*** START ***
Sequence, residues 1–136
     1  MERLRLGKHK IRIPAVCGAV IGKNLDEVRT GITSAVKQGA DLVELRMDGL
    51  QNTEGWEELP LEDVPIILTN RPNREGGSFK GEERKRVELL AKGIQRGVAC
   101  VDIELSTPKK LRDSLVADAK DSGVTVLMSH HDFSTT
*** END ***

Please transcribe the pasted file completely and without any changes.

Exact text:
Sequence, residues 1–136
     1  MERLRLGKHK IRIPAVCGAV IGKNLDEVRT GITSAVKQGA DLVELRMDGL
    51  QNTEGWEELP LEDVPIILTN RPNREGGSFK GEERKRVELL AKGIQRGVAC
   101  VDIELSTPKK LRDSLVADAK DSGVTVLMSH HDFSTT